Elasticsearch full-text queries explained, for humans 🤓

Alex Sharp
Hacker Notes 💻
Published in
3 min readJan 29, 2019


These are my high-level notes from implementing basic autocomplete functionality with ElasticSearch.

Elasticsearch has several different query types. A quick summary:

  • match - standard full text query
  • match_phrase - phrase matching. Like when you put a term in quotes on google.
  • match_phrase_prefix - poor man’s autocomplete.
  • multi_match - Multi-field match.
  • common (not covered here) - Takes stopwords (e.g. “the”) into account.
  • query_string (not covered here) - Expert mode. Can use AND|OR|NOT and multi-field search in a query string.
  • simple_query_string (not covered here) - Simpler “more robust” for exposing to end-users. (how is simple more robust? seems counter-intuitive. no one knows.)

ElasticSearch full-text query docs

match - standard full text query

By default does near-exact word equality matching.

When to use: If you’re doing full-text search on a large text field, such as the body of this post.

Good default for matching a word or phrase in a block of text, e.g. searching in a large text field, description field, etc, such as searching for a phrase in someone’s Twitter bio.

Not good for partial matches of a single word or phrase, such as a partial match of someone’s Twitter username (see fuzziness below).

Fuzzy matching Allows fuzzy matching (e.g. typo tolerance) by specifying a levenstein edit distance, number of one character changes needed to make one string match another string. Basically, it’s the number of typos you can make and still match the string.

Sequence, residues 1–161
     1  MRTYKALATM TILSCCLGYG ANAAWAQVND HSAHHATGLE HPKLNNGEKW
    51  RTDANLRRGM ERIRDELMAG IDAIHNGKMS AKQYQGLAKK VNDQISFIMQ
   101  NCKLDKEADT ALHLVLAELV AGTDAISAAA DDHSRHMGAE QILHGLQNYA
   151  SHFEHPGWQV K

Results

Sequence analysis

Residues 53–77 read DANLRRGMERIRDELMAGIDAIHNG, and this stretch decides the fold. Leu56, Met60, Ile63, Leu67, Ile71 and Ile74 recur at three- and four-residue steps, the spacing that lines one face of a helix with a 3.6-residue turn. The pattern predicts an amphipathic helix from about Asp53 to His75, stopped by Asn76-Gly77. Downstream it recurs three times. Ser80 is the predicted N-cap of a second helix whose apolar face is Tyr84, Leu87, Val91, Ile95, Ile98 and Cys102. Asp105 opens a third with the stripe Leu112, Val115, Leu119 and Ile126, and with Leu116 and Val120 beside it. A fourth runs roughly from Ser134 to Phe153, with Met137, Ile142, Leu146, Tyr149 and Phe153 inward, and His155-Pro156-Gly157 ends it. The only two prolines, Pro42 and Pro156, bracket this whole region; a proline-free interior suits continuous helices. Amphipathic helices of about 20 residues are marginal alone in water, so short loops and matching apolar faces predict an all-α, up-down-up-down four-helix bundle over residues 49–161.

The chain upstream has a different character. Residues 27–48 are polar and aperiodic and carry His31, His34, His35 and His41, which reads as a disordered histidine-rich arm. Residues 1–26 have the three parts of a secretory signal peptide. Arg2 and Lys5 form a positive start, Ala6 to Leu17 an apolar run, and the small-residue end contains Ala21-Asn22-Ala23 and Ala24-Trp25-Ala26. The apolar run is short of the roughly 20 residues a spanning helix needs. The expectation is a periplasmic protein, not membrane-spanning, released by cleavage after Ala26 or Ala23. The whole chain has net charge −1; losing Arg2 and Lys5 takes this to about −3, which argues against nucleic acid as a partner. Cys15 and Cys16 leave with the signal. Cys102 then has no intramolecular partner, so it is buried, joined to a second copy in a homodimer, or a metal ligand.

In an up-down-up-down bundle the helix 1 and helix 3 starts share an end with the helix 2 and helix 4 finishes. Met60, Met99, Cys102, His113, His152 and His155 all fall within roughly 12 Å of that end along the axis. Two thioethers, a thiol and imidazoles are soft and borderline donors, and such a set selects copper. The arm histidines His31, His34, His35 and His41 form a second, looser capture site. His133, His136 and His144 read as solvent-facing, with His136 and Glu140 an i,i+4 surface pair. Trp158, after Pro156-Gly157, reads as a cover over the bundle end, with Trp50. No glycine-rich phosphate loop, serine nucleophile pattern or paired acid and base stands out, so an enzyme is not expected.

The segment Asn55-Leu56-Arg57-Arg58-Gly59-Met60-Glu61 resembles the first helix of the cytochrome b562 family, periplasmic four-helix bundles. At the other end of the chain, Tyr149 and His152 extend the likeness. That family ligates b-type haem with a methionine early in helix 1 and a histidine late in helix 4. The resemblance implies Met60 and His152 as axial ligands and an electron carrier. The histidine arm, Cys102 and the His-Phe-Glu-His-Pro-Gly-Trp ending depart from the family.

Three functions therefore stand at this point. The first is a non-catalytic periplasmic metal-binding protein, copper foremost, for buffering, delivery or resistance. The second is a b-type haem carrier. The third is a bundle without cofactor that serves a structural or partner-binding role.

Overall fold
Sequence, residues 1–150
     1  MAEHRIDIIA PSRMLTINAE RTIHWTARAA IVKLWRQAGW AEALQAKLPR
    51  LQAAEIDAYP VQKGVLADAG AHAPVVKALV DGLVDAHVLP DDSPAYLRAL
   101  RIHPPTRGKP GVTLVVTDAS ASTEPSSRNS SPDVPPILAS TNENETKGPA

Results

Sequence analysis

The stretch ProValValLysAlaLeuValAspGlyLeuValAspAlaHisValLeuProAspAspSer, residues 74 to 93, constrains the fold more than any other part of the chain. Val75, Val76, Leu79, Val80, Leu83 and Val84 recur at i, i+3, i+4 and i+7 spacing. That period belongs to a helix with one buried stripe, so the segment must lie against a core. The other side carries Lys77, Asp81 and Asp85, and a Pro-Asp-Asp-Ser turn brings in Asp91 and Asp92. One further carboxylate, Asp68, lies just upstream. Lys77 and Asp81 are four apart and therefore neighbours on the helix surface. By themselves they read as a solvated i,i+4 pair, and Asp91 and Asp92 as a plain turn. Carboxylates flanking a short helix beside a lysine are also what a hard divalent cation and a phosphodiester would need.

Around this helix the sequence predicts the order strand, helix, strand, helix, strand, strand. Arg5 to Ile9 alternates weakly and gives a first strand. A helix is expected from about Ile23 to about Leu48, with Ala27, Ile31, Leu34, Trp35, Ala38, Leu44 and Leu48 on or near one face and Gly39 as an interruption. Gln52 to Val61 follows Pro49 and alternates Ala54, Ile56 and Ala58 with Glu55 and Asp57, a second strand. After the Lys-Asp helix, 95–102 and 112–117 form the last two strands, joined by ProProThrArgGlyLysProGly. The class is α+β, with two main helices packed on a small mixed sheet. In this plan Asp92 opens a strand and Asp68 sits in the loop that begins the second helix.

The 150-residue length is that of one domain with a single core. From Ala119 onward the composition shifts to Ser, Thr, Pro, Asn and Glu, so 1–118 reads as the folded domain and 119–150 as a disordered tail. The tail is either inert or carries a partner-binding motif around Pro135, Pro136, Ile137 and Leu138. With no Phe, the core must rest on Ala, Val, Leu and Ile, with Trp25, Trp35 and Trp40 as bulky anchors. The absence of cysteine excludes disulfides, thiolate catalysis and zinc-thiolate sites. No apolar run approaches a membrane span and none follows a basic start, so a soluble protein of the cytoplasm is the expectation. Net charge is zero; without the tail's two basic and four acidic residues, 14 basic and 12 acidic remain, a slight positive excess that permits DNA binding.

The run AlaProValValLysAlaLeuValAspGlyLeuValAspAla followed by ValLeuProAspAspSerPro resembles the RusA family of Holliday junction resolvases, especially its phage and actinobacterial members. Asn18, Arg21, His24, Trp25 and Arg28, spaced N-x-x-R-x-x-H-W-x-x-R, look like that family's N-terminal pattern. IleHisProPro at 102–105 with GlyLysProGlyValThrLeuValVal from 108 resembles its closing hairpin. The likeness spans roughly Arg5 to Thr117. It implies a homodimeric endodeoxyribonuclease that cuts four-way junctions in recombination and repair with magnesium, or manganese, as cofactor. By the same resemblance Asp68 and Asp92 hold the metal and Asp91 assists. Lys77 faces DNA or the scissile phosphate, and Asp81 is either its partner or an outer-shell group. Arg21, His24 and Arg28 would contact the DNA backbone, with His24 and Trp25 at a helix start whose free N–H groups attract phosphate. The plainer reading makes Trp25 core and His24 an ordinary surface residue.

Example: Your target match data is a field with the value “ajsharp”. With the fuzziness param set to 1, you can type “jjsharp” and it will match “ajsharp”. But if you type “jssharp” it won’t match, unless you increase fuzziness to 2.

match_phrase - for matching exact phrases

When to use: If you need to be specific about whole phrase searches, or want to enable this functionality for your users.

Let’s say we have two twitter profiles indexed. Document A has the phrase “co-founder” in the bio, and Document B just has the word “founder”.

If you search “founder” using match_phrase, both documents will match. If you search “co-founder” using match_phrase, only Document A will match. However, had you done this query using match, both Document A and Document B would match the query “co-founder”

match_phrase_prefix - poor man’s autocomplete

When to use: Only you need to match a single field. For many use-cases multi_match feels far more useful.

From the ES docs:

Consider the query string quick brown f. This query works by creating a phrase query out of quick and brown (i.e. the term quick must exist and must be followed by the term brown). Then it looks at the sorted term dictionary to find the first 50 terms that begin with f, and adds these terms to the phrase query.

multi_match - multi-field match 🎉🎉🎉

Allows you to search for the same string in multiple fields.

When to use: In many cases this is probably what you need if you’re doing anything auto-completey (note: there are probably many uses cases this is great for but my primary one when I wrote this post was autocomplete, so 🤷🏻‍♂️).

Multi match queries can have a type:

  • best_fields. Default. Match any field, but uses the _score from the best field. Docs
  • most_fields - Matches any field and combines the score
  • cross_fields - Treats fields with same analyzer as if one big field.
  • phrase - Uses match_phrase
  • 🎉🎉🎉 phrase_prefix - Uses match_phrase_prefix on each field and combines the _score. Allows multi-field autocomplete 💥💥💥

Field Boosting Fields can be boosted by using the ^ followed by number. Assume twitter profiles with screen_name and name fields. If you do a query like this, the screen_name will be three times as important as the name field in the ranking:

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Alex Sharp
Hacker Notes 💻

🛠 building https://followreset.com. https://sharesecret.co. platform @upfrontvc. prev consultant, founding team @zaarly. long ago: health care tech, economics.